"California voters are shedding their identification with the two major political parties so rapidly that if current trends continue, independent voters could outnumber Democrats and Republicans in the Golden State by 2025."
That’s a pretty bold statement coming from David Lesher and Mark Baldassare writing in this past Sunday’s L.A. Times.
Whether or not they’re over-stating a trend, these two guys are definitely onto something here. The drift away from partisan party-identified politics can go a long way to explain what some think the inscrutable quirkiness of Kahllyfornia voters (as a certain Governor would say).
The independent trend noted in the Times piece has been underway for more than a decade. Today almost 20% — about 3 million registered California voters–have categorized themselves as "independent" or "decline to state." And these are, by far, the fastest growing sectors of the state electorate. Almost 80% of new registration falls into these categories. Nor does this burgeoning group fit neatly into a liberal or conservative box. Lesher and Baldassare write:
Polls show that about 60% of California independents favor tougher environmental regulations over economic growth, support a ban on offshore oil drilling and believe that global warming is a serious problem. Independent voters are also among the strongest supporters of such social innovations as medical marijuana use, assisted suicide for the terminally ill, the morning-after pill and hybrid automobiles. They back gay and lesbian marriage by a 20-point margin and a woman’s right to abortion by 3 to 1.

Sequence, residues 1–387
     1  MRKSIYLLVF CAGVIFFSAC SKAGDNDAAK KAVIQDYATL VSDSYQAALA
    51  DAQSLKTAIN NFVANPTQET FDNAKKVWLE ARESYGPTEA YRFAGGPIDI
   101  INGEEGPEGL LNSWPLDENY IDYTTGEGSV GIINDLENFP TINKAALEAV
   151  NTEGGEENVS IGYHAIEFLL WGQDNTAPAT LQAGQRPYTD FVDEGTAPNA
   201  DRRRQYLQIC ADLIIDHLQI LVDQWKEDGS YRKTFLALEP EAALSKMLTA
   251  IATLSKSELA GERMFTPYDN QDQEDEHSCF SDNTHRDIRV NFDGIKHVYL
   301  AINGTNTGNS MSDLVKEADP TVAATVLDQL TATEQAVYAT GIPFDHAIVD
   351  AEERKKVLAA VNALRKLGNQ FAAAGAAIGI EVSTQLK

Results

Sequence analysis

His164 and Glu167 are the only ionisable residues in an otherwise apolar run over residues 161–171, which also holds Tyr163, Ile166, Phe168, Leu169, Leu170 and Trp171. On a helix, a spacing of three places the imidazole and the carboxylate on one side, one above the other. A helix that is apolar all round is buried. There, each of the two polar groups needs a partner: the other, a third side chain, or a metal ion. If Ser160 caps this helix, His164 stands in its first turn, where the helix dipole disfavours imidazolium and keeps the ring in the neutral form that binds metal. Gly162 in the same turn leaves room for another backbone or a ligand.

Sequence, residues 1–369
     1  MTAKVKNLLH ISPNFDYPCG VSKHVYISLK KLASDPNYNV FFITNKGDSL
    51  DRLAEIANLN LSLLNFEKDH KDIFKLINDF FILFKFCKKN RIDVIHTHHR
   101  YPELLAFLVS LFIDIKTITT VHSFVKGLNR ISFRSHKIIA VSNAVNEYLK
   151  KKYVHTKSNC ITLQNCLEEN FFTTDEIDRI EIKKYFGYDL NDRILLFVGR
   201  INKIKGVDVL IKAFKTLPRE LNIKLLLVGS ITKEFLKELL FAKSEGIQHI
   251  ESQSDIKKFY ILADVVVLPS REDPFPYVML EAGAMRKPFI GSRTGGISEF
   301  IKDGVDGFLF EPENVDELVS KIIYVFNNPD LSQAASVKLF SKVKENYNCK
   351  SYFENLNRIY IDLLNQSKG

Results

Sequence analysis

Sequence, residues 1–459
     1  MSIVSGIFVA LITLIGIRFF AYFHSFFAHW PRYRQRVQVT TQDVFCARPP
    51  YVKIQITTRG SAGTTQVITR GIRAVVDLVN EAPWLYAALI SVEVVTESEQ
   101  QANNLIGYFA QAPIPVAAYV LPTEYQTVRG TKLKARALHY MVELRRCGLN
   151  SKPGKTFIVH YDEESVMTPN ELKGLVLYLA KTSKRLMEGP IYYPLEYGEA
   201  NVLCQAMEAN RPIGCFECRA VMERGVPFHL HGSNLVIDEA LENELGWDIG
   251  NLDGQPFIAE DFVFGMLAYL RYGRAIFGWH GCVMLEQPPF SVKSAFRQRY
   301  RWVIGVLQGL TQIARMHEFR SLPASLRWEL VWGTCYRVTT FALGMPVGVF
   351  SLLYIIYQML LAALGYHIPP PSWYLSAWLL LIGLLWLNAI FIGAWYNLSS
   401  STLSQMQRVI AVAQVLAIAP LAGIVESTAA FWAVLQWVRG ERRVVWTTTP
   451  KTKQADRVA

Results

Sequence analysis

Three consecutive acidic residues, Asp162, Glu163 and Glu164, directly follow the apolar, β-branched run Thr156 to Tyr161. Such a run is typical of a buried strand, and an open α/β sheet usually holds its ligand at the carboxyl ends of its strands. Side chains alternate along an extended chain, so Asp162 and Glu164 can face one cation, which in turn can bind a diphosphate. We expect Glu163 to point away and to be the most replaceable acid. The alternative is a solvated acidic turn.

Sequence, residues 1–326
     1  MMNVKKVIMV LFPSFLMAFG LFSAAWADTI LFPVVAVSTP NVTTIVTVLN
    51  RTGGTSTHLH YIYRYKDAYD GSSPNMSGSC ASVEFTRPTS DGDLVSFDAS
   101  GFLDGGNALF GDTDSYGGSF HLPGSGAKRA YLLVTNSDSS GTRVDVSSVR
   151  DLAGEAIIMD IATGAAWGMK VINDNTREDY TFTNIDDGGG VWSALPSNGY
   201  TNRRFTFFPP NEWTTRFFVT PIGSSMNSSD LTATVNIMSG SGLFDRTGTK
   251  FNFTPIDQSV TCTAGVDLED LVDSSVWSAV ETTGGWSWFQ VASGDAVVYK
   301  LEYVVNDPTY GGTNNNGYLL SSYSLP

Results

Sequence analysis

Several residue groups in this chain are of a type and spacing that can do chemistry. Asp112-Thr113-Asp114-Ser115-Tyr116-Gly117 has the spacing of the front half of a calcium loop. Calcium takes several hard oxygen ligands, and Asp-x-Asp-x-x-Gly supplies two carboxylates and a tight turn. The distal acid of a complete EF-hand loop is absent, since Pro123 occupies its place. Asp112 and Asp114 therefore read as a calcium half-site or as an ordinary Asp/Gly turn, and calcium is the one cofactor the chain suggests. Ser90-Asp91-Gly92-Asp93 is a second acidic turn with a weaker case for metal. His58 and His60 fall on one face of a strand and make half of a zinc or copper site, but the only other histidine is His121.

At the same time, independents are largely responsible for keeping Proposition 13’s anti-tax feelings alive. Most say they believe that government "wastes a lot of taxpayer money" and that Proposition 13 was a "good thing," according to the institute’s surveys. Philosophically, independents split from Democrats by favoring smaller government with fewer services and lower taxes. Still, an institute poll in January found independents supporting more money for education and health programs as well as proposed ballot measures to generate funds for healthcare and preschool.
Kinda complex, eh? One thing we know for certain from this info – as well as from recent election cycles – Republicans can’t win statewide in California if they run too far to the right and alienate this vast swing constituency. But what is the lesson here for progressives? Is running as the "Democratic wing of the Democratic Party" the way to fire up these voters? Or are they looking for something new that transcends the current paradigm?